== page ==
Was wonderful to see my "Queen Bee" Marneen Lynne Fields receiving a rosuing reception when she joined the hosts of Cinema Fiasco to introduce their screeing of Irwin Allen's THE SWARM at the Astor Theatre on Friday evening. Marneen of course worked on the film as a stunt-actress, playing the screaming female train passanger sitting behind Fred MacMurray and Olivia de Havilland, as well as doing an amazing stunt where she is flipped out of the burning train carriage window as it derails and falls down a cliff! Filming of the stunt itself can be seen in the excellent vintage making-of featurette INSIDE THE SWARM.
Marneen shared some anectodes about working on THE SWARM and with Irwin Allen to a packed Astor crowd, and the hosts made mention of her other work, with co-host Janet A. McLeod being particularly envious of Marneen getting to work very close to hunky Patrick Duffy on THE MAN FROM ATLANTIS television series. Co-host Geoff Wallis also noted that Marneen had barely changed in the 41 years since the film was released
This was the first time I have attended a Cinema Fisaco screening at the Astor. I have to admit that this format has never been my preferred way to watch a movie....I am not a fan of the whole Mystery Science Theatre 3000 thing and always hated those old "Golden Turkey Awards" and "Worst Films Ever Made" books that were popular when I was first becoming a seious young film buff. Having said that, there is no doubt the format is popular with many people (there was a crowd of around 250 for THE SWARM), and Janet and Geoff were incredibly nice to Marneen, as was the audience, who gave a rousing cheer when her scene came on the big screen, and many of them stopped to compliment and chat with her in the lobby after the movie (if anyone missed out on one of the signed mini-flyers Marneen had available on the night, feel free to message her via her FB page).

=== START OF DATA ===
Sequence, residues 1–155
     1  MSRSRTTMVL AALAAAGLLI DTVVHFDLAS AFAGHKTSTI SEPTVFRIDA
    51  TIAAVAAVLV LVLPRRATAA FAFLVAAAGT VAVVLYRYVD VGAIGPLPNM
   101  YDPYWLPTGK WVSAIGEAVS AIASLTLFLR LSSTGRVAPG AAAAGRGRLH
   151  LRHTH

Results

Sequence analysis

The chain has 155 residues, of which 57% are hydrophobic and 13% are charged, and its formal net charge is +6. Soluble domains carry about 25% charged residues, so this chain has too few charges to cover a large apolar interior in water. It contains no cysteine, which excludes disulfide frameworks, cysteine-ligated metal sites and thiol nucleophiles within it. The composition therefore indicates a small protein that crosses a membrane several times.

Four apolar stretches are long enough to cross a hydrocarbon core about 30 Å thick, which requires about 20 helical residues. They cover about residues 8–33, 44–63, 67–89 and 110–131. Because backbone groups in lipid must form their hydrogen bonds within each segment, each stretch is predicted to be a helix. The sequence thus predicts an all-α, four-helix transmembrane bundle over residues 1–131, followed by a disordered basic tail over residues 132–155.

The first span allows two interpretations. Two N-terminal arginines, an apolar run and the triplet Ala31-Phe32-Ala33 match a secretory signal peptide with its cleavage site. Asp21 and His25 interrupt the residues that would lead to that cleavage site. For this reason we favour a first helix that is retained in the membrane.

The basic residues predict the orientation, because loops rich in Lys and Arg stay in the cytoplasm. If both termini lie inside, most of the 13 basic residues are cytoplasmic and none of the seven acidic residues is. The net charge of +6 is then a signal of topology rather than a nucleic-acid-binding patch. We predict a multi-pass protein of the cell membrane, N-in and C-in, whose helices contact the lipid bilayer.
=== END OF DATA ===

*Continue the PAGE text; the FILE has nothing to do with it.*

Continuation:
A fun evening at one of the best places in the world to experience the magic of movies! And wonderful to see Marneen there to preovide a tangible connection to the movie, as well as to represent the spirit of the "Master of Disaster" himself (not to mention the King of 60s sci-fi television), the amazing Irwin Allen.